NEW YORK — Cristian Javier, Héctor Neris and Ryan Pressly combined on the first no-hitter against the New York Yankees in 19 years, shutting down the best team in baseball and pitching the Houston Astros to a 3-0 victory on Saturday.
Javier (5-3), a 25-year-old right-hander without a complete game in 84 professional starts, was clearly tired when manager Dusty Baker brought in a reliever to start the eighth. Javier set career highs for strikeouts (13) and pitches (115), and he matched his longest start with seven innings.
Pressly, who gave up a tying three-run homer to Aaron Hicks in a 7-6 loss Thursday night, retired three straight batters in the ninth for his 15th save in 18 chances. After Giancarlo Stanton hit into a game-ending groundout, the Astros walked onto the field and gathered near the mound for a brief celebration.
“To do it in New York, it’s the best feeling in the world,” Pressly said.
Rookie J.J. Matijevic gave Javier a lead in the seventh when he hit his second big league homer, driving a fastball from Gerrit Cole (6-2) into the right-field second deck. Jose Altuve homered into the left-field second deck in the eighth against Michael King, and pinch-hitter Yuli Gurriel added an RBI single off Lucas Luetge in the ninth.
In a matchup of the teams with the top two records in the American League, New York didn’t come close to a hit before a silenced crowd of 45,076. The major league-best Yankees lost consecutive games for the first time since May 28-29 against Tampa Bay, getting their only runners on three walks and an error.
Javier, who lowered his ERA to 2.73, was starting because Jake Odorizzi is hurt. Javier began 12 of his first 18 batters with a strike but began his last five with a ball. His 50.9% first-strike percentage entering was 155th among 157 pitchers who faced 150 or more plate appearances this season.
“I feel really happy, really proud right now for this moment that God has given me,” Javier said via interpreter.
He walked Josh Donaldson on a full-count fastball with two outs in the first, then retired 17 in a row until Donaldson reached when third baseman Alex Bregman threw past first for an error on a one-out grounder in the seventh. Stanton took a called third strike and Gleyber Torres struck out swinging.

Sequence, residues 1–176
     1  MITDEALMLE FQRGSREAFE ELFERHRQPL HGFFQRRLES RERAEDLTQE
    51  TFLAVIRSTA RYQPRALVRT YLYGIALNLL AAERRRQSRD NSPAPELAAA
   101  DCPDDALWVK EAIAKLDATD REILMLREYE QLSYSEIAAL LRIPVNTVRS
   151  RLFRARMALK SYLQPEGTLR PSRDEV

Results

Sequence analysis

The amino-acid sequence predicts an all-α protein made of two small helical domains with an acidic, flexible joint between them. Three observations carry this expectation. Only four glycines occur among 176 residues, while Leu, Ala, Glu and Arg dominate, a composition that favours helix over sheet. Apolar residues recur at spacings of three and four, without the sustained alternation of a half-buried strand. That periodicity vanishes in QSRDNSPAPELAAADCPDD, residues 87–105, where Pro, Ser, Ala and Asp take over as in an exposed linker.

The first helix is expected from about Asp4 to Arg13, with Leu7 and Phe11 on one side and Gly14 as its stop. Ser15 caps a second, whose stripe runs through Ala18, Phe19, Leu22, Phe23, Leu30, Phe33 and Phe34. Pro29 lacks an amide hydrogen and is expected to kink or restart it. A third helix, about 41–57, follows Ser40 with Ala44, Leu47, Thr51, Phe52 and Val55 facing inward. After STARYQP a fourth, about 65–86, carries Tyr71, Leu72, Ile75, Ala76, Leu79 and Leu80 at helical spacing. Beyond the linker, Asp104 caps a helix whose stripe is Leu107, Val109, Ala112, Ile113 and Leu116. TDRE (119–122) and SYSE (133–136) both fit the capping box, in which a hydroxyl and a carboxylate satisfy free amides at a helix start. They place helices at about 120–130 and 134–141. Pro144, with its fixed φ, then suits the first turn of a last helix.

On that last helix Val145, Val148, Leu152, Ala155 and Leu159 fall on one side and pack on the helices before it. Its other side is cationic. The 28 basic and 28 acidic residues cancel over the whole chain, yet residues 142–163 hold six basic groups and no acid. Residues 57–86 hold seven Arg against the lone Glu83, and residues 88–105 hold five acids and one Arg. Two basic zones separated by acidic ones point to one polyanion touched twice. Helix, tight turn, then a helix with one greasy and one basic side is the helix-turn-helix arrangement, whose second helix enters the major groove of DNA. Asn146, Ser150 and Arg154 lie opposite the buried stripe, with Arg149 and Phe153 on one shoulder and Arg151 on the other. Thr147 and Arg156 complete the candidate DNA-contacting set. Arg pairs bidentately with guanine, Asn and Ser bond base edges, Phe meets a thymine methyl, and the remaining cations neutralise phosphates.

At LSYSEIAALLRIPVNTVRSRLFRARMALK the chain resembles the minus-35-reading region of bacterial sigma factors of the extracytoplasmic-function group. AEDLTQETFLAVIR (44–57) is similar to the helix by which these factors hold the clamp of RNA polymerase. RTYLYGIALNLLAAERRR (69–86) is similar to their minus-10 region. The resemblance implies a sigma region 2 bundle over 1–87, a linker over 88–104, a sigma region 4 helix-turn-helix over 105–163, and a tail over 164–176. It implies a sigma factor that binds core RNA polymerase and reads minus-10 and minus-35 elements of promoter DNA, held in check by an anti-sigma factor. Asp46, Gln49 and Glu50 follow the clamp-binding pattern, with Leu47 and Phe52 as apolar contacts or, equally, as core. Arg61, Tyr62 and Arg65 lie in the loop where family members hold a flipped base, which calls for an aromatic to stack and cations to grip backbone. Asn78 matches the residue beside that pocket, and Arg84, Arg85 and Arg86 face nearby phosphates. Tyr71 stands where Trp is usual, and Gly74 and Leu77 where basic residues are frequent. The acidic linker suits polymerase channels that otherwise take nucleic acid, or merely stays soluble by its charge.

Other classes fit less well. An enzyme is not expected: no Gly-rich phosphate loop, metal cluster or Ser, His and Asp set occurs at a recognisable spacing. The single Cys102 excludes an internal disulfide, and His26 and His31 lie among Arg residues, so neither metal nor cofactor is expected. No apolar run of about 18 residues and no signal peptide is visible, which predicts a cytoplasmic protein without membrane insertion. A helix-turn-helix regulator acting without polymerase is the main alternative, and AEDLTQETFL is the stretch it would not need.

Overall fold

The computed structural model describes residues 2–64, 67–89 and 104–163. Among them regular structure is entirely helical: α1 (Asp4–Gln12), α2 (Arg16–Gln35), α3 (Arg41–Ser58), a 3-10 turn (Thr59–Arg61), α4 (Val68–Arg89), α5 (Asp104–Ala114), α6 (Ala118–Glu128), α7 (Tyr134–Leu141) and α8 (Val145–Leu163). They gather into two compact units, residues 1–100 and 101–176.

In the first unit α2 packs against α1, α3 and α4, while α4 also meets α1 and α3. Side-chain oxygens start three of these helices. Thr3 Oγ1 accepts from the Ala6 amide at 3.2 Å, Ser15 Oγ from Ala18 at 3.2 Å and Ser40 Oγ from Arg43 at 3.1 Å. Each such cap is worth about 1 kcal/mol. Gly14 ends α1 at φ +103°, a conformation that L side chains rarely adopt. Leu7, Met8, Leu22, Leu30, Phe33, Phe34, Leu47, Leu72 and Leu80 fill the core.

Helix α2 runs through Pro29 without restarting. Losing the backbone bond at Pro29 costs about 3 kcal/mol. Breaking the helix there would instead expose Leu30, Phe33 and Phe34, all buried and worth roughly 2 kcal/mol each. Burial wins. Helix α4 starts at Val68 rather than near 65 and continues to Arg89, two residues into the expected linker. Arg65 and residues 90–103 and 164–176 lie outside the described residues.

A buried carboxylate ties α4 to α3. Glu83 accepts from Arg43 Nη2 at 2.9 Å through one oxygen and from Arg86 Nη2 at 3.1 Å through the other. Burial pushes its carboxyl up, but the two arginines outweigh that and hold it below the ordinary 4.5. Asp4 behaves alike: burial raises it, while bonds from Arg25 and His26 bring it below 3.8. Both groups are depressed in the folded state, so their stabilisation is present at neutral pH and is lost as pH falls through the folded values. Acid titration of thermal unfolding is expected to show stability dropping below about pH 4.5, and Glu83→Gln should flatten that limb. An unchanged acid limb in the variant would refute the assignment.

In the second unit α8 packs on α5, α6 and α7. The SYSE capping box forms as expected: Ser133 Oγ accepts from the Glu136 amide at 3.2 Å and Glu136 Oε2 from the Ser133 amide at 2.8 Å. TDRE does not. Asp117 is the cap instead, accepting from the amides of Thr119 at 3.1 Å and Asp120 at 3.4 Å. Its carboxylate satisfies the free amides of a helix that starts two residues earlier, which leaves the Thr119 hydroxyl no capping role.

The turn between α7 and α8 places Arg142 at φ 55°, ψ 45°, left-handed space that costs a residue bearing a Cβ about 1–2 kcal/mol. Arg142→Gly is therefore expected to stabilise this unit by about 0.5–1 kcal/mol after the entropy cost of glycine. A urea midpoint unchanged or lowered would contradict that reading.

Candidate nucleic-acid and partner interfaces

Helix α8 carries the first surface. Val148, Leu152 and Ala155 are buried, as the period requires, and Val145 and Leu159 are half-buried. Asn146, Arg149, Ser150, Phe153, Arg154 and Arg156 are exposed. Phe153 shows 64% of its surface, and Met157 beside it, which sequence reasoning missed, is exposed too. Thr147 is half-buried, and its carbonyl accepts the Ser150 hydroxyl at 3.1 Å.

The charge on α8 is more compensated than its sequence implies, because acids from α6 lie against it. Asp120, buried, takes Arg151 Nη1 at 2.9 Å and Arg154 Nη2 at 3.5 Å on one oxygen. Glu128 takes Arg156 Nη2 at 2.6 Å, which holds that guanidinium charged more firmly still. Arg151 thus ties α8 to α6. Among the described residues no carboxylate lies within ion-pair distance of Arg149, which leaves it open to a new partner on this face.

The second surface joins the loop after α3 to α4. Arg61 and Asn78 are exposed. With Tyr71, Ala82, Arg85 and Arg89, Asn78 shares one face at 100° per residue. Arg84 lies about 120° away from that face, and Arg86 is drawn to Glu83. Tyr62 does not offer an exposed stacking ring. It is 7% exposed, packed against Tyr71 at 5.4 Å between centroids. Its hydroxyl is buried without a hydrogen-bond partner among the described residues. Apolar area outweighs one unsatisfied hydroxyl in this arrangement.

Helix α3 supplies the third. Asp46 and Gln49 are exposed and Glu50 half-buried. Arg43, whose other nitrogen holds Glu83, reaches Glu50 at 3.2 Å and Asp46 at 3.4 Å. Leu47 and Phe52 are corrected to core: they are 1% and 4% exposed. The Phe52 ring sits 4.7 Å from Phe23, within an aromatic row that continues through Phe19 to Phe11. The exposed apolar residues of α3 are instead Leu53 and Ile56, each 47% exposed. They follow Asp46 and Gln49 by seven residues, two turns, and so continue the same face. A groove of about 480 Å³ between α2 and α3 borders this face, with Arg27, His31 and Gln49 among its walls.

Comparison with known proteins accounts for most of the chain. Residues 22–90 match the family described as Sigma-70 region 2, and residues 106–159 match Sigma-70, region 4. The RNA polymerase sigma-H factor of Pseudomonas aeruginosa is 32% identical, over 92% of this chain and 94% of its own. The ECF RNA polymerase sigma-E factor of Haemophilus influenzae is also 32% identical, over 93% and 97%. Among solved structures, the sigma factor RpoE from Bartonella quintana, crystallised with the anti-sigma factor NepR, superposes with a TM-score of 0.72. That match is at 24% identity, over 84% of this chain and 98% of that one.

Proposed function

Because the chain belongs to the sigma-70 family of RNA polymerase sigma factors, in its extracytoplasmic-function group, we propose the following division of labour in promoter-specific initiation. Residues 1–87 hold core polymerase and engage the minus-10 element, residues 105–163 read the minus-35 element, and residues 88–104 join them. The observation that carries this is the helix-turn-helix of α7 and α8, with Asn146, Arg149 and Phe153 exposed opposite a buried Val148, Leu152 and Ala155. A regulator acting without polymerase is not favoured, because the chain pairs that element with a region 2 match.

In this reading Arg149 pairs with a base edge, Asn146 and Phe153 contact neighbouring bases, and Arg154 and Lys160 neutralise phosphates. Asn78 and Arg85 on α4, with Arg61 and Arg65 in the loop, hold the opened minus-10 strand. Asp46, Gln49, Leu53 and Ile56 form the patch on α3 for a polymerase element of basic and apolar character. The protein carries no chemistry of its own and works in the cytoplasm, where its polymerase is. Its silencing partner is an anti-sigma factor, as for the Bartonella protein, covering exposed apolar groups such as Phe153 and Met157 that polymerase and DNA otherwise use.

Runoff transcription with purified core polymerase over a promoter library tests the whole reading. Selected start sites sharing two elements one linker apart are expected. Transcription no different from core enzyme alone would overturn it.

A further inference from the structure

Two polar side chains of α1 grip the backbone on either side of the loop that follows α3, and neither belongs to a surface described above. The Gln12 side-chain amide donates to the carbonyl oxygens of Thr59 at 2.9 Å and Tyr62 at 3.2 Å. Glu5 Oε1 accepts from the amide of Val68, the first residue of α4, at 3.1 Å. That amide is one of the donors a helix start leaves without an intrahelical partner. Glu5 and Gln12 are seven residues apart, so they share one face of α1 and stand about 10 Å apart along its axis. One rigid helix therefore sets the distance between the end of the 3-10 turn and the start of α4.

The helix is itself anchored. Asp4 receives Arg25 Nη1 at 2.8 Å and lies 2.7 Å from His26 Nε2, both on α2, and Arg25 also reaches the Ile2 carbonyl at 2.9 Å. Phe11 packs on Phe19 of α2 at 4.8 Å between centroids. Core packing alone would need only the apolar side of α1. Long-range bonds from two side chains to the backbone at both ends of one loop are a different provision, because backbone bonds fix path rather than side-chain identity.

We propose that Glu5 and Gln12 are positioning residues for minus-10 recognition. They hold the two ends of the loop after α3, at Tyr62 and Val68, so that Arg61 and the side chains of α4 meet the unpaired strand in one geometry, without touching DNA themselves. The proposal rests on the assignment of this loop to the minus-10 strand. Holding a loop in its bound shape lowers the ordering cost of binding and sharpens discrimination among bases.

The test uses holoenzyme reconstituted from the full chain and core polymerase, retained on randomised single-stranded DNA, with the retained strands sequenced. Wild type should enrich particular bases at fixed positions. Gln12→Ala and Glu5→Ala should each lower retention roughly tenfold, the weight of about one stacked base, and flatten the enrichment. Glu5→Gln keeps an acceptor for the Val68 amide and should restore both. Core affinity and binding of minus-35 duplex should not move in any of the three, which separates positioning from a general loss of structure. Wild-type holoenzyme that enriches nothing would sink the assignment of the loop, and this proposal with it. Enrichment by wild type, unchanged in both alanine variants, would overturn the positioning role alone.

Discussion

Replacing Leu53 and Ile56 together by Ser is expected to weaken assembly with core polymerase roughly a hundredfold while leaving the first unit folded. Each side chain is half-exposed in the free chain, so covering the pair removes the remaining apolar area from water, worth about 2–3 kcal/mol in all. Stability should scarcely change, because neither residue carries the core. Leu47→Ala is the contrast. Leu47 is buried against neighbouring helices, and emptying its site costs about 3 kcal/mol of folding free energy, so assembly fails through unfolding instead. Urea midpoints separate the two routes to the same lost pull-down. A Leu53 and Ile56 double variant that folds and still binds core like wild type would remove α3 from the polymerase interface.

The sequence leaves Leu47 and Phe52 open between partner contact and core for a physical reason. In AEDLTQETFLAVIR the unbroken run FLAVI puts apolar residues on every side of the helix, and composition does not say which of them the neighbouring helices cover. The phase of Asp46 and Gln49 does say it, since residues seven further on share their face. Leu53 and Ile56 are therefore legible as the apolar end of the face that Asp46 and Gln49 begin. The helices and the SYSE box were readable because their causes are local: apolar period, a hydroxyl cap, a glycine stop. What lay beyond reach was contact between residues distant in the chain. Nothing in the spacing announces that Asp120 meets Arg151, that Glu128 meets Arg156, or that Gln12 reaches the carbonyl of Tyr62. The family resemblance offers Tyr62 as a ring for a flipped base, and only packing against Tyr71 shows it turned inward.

Neris walked two in the eighth, then retired Joey Gallo on a flyout to the right-field warning track and got Aaron Judge to ground into an inning-ending forceout.
“I said, ‘I have to get it for my team, I have to get it for Javy,’” said Neris, who had never pitched in a no-hitter before.
The no-hitter was the third in the major leagues this year after five New York Mets combined against Philadelphia on April 29 and Reid Detmers of the Los Angeles Angels accomplished the feat against Tampa Bay on May 10.
Houston’s no-hitter was its 14th, the first since Justin Verlander against Toronto on Sept. 1, 2019.
Martín Maldonado caught his second combined no-hitter with Houston — he also guided four pitchers through a gem against Seattle on Aug. 3, 2019.
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“Trust maldy,” Pressly said. “A lot of people don’t get to see the preparation that Maldy and (back up Jason) Castro put in. It’s bar-none to anybody out there.”
New York was no-hit for just the eighth time, Houston had been the previous team to do it, across the street at the old stadium on June 11, 2003. Roy Oswalt strained his right groin after his second pitch of the second inning, and Pete Munro (2-2/3 innings), Kirk Saarloos (1-1/3), Brad Lidge (two), Octavio Dotel (one) and Billy Wagner (one) followed in an 8-0 win.
Matijevic, a 26-year-old taken by Houston in the second round of the 2017 amateur draft, debuted April 22. He is 2 for 14 and both hits are solo home runs; he went deep against Michael Kopech of the Chicago White Sox on June 19.
Cole didn’t allow a hit until Jake Meyers grounded a slider into right field with two outs in the fifth. In his previous start, Cole held Tampa Bay hitless until Isaac Paredes’ single leading off the eighth on June 20. The 31-year-old right-hander took a perfect game into the seventh against Detroit on June 3 before Jonathan Schoop’s two-out single.
By RONALD BLUM AP Baseball Writer
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